A Prayer for the Trying
Zev Chafets attempts to discover the way to pray
The New York Times Magazine may have selected the perfect correspondent to investigate the “right way to pray” for a Rosh Hashana-weekend feature article now available on the paper’s website. Writer Zev Chafets, who starts by visiting the mega-church Brooklyn Tabernacle, is so alienated from prayer that he can’t even bring himself to read a prayer card submitted by a couple “struggling through financial problems” aloud, and is so averse to meditative silence that he sleeps with the TV on.
After a pleasant visit to a “spiritual director” (like a life coach for the soul), Chafets went to Marc Gellman, a Reform rabbi “of liberal theological leanings.” Although Gellman loses some credibility in our book for saying “[o]ur people don’t get emotional in public,” he makes an astute statement on the relative paucity of actual prayer at the average suburban synagogue: “People come to temple to identify with other Jews, or socialize. The writer Harry Golden once asked his father, who was an atheist, why he went to services every Saturday. The old man told him, ‘My friend Garfinkle goes to talk to God, and I go to talk to Garfinkle.’ There’s a lot of that.” While Gellman shies away from innovation like gay congregation Sha’ar Zahav’s prayer sanctifying a one-night stand, he does take a light-hearted stance in encouraging people to worship: “When you come right down to it, there are only four basic prayers. Gimme! Thanks! Oops! and Wow!”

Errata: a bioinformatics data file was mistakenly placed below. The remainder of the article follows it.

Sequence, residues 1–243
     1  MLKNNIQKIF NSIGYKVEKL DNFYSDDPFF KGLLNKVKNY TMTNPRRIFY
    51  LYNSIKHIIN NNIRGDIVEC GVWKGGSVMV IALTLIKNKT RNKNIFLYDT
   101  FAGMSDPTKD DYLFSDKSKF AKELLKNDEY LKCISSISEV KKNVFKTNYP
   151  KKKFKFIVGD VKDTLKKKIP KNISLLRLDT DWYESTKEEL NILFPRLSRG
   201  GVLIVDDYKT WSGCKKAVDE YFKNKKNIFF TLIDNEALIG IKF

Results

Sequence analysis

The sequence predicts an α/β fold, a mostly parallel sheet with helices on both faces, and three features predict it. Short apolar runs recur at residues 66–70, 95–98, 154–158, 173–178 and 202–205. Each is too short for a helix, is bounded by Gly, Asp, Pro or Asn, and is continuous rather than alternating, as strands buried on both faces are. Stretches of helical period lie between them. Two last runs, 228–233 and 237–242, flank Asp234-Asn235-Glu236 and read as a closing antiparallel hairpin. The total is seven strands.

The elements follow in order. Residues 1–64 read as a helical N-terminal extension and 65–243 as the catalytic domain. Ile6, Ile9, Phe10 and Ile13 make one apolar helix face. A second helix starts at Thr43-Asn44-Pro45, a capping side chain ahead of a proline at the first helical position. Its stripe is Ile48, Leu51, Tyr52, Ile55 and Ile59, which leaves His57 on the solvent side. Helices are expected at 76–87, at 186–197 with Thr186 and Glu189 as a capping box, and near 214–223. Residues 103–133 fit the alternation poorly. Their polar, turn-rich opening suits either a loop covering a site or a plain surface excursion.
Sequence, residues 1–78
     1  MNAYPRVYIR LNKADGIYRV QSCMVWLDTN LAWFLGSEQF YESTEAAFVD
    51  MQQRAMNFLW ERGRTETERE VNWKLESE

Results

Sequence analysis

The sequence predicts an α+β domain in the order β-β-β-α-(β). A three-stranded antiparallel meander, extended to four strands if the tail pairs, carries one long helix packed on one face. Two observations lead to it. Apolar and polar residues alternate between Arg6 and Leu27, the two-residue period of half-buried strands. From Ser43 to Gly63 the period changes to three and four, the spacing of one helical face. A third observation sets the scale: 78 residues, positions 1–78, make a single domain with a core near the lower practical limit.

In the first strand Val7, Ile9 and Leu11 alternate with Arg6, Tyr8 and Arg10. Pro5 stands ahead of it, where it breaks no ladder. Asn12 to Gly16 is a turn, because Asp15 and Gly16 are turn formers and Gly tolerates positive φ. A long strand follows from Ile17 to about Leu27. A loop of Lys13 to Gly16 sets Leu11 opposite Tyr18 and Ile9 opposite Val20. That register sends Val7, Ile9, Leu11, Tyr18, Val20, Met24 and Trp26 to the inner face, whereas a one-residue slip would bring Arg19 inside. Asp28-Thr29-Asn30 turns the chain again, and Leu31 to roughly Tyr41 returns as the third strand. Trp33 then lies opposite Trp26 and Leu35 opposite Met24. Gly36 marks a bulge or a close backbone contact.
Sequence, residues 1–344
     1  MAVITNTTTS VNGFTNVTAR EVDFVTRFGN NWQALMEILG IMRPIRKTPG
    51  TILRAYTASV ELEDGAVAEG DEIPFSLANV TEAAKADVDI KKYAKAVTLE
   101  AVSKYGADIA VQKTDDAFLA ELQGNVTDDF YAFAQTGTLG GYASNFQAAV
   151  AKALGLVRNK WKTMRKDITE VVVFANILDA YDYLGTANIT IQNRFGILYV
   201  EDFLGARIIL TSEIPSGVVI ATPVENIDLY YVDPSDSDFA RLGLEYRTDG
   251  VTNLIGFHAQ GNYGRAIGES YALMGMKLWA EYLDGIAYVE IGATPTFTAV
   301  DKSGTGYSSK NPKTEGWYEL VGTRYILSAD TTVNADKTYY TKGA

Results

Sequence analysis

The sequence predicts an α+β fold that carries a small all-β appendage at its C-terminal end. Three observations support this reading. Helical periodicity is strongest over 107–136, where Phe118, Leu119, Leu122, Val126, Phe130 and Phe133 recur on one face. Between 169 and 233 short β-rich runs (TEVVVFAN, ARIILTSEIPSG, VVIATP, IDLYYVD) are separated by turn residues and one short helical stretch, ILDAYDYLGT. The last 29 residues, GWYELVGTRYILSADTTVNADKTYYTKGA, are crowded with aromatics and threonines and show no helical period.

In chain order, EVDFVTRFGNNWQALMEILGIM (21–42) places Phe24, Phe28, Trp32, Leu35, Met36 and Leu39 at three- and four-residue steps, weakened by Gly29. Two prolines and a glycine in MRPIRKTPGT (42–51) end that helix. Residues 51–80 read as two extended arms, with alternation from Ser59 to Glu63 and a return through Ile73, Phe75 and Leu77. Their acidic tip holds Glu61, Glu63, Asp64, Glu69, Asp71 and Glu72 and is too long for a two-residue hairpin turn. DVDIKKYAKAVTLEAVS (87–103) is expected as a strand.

Chafets also chats with a Chabad rabbi who runs an online advice column and “speaks in a prayer vocabulary short on traditional Yiddish and long on New Age maxims of self-improvement, the nature worship of the New England Transcendentalists and Asian meditation.” But in the end, attending an Easter service, it’s The Children who move Chafets with their prayer—“They didn’t pray to de-center their egos or find transcendence or to set off on a lifelong therapeutic spiritual journey”—and lead him to settle on the purest of Gellman’s four prayers, the one perhaps most appealing to a liberal, agnostic soul: “Straight-up Gimme! on behalf of people who really need the help.”
The Right Way to Pray? [NYTM]
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